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Feed the Future Innovation Lab for Collaborative Research on Horticulture

Examining nutrition impacts of horticultural innovations

Project Title: Bangladesh Aquaculture-Horticulture for Nutrition Collaborative Research Program

Target Country: Bangladesh

Principal Investigator: Patrick Webb, Nutrition Innovation Lab, Tufts University*

*Note: For this project, the Horticulture Innovation Lab is a subcontractor on this associate award from USAID led by Tufts University.


Project description

This collaborative project is funded by an associate award to the Nutrition Innovation Lab team at Tufts University. The primary questions the Nutrition Innovation Lab seeks to answer in Bangladesh are:

Horticulture Innovation Lab's role

As a sub-contractor on this multi-Innovation Lab project, the Horticulture Innovation Lab will implement three different technologies to test the potential of horticulture and aquaculture innovations to improve income, consumption and nutrition by increasing year-round availability of aquaculture and horticulture products. The technologies used for this will be floating gardens, cool rooms, and chimney solar dryers, each implemented at the community level. The team aims to demonstrate the value of technologies that improve shelf life of foods, thus increasing economic benefits and nutrition benefits of aquaculture and horticulture commodities.

Floating gardens: The Horticulture Innovation Lab will evaluate the feasibility, utility and economic sustainability of floating gardens on fish ponds. The floating garden beds are made from local materials, such as bamboo, and plastic floats — with local materials for the growth medium. Specific issues that will be addressed include:

Cool rooms: The second technology to be implemented is small-scale cool rooms, to assess the impact of cool storage on availability and quality of fruits, vegetables and fish in the community, particularly in the off-season. The insulated rooms will be fitted with a window air conditioner and a CoolBot controller. The impact of cool storage on market prices for farmers’ goods will be determined.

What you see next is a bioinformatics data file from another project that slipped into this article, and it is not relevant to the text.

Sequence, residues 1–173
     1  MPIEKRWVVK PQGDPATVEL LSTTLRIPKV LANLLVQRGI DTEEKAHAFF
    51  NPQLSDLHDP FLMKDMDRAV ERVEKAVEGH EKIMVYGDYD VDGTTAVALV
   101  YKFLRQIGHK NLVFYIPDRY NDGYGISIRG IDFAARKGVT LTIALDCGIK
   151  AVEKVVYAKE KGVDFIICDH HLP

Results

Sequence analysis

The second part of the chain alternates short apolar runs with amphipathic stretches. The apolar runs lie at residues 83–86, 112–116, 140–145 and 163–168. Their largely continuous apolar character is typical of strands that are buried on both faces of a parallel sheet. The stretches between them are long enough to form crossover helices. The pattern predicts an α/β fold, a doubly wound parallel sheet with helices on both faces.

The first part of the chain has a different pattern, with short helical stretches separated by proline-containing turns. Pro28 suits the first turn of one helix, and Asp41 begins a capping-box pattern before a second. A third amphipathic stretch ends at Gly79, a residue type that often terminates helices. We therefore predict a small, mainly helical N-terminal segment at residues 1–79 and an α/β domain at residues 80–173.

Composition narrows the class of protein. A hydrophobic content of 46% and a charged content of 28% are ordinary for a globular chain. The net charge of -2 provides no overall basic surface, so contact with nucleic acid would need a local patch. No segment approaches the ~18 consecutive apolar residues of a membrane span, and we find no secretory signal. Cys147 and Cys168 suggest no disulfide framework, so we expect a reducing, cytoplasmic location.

Chimney solar dryer: The third technology to be implemented in three additional communities is the UC Davis chimney dryer for rapid solar drying of fish, vegetables and fruits. Attention will be given to the availability and cost of construction materials; the efficiency and safety of using the dryer for drying fish, vegetables and fruit as compared to traditional methods; the effectiveness of the dryer year-round, particularly in the rainy season; and methods for storing the dried products after drying.

Data collected from households (both using and not using these technologies) are intended to examine differences relating to agricultural productivity, changes in income-earning activities, priority investments at household level, behavior change in terms of health seeking and hygiene, and changes in diet quality. Qualitative interviews will also be conducted with households selected to use the horticultural technologies, to assess their perspectives on economic viability, desirability, time demands, repair and sustainability issues related to the new technology.

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